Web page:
Pat: The sign-in process if you do not have accounts is definitly a challenge on any of the platforms. When you venture into something such as JLSconnect it is not always an easy choice to look at what vendors and partners to work with for the first release of a product. One of the great things about the beta is seeing where we can migrate the product to and other players (google/facebook) to tie into
Rob: Okay, moving on to a related and important topic, Pat. 🙂 As marketers, you and I both know that the beauty of online marketing and online technology generally is in the trackability. We can measure and see what difference various initiatives make. What are the KPI’s you guys will be looking at to see if JLSconnect is or is not a success? What are the KPI goals and over what time period?
Pat: The first thing that we will be watching is the amount of accounts that we get on JLSconnect. More importantly the usage of the tool, such as how many listings, and how many postings. On a longer term it is the attraction of agents to our company that use this type of tool with their buyers and sellers. That one is a little more subjective when you are tying it to innovation over time.
Rob: Do you offer other ways for users to “share” listings — like posting it to their Facebook page, or Twittering it? Of course, they can just do it themselves…
Pat: Not at this time. Agents do post in many areas as part of their marketing.
Rob: Ach… was thinking you could track usage by users of a “TweetThis” or a “Post this on your Facebook” vs. usage of JLSconnect… but you raise a very interesting point that I’ve run into while at Realogy. What’s been your agents’ response to JLSconnect? I’ve had agents reject tools because they felt the tools took away from the personalized service that the agent was providing to the customer.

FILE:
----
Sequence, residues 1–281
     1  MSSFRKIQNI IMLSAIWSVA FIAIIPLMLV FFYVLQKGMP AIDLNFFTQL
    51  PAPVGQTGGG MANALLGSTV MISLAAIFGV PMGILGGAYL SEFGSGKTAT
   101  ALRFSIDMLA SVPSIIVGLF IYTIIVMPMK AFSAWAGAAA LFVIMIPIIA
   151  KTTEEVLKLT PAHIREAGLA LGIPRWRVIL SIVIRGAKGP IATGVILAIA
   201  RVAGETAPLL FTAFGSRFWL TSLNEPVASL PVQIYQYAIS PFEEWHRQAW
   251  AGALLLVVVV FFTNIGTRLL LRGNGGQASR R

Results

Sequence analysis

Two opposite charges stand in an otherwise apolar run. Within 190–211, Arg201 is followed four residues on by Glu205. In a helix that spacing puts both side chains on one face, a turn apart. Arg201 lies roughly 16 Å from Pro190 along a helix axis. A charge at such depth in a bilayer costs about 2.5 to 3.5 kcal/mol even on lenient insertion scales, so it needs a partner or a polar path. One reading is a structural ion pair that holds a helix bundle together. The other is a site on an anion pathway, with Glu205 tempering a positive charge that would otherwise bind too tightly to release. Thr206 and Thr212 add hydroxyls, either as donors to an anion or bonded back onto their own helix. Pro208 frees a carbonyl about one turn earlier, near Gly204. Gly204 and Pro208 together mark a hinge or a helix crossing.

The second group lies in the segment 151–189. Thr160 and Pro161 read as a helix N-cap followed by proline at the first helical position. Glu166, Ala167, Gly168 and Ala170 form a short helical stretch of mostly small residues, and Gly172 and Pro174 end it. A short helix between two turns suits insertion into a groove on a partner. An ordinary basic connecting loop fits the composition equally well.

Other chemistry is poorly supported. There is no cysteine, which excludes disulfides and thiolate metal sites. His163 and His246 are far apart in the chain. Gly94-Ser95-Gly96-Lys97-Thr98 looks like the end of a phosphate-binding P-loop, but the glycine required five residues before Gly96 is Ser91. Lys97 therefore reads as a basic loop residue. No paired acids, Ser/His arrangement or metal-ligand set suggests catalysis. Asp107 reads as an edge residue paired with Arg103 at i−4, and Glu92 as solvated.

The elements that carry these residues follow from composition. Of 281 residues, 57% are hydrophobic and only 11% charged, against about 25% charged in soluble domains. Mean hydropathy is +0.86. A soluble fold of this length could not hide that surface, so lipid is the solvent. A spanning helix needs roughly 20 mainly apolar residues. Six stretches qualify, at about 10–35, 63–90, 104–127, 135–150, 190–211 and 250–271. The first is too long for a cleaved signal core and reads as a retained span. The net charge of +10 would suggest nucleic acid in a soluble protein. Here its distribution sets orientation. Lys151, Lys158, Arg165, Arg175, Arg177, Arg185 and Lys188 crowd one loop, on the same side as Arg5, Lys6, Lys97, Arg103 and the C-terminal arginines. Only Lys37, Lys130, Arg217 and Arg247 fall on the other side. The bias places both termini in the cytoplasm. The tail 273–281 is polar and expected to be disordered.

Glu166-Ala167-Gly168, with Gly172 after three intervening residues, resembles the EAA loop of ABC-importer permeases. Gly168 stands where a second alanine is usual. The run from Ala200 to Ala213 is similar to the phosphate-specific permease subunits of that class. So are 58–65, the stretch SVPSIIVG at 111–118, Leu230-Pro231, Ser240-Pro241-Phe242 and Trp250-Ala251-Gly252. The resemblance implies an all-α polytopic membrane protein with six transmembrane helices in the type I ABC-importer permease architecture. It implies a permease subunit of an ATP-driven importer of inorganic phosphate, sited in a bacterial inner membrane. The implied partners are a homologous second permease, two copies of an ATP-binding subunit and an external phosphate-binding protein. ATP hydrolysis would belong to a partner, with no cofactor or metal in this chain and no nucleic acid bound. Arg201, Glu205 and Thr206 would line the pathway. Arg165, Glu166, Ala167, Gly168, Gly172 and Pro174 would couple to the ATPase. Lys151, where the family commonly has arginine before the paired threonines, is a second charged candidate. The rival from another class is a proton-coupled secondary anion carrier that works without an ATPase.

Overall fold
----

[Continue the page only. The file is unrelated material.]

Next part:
Have you seen any pushback like that? If so, how have you addressed their concerns?
Pat: This was definitly designed around the consumer which will build in pushback, that I knew. I have explained to agents that the group who will gravitate to this wants this type of tool and my job is to bring them to JohnLScott.com. I do explain that this is not for everyone and was not designed to be. They really do understand that there are different segments of buyers. They also like that we push the envelope a little and did something that has not really been done like this.
That said, it is a starting point not an ending point and they like where we are going.
Rob: Which raises the obvious question, Pat. 🙂 Where are you going?
Pat: Where the consumer and agents are taking me!:-O I say that with a bit of humor but the reality is I have at least 6 groups that I have to build tools for: 3 agent groups ([Gen-]X/Y, Boomer, Other) and 3 consumers groups ([Gen-]X/Y, Boomer, Other) and we work to keep up with how they want to conduct business. I come from the high tech world and what I really enjoy about real estate right now is the speed at which things are changing. The social networking is just beginning to be used in this industry and watching it evolve will provide framework for where we go.
Rob: So you probably know that “Big Brokers” get a bum rap when it comes to innovation, to understanding the consumer, and so on. Why do you think that is, and what must Big Brokers, like JLS, do to reverse that image — especially when tech firms like Trulia, Zillow, and others are so visible in our industry?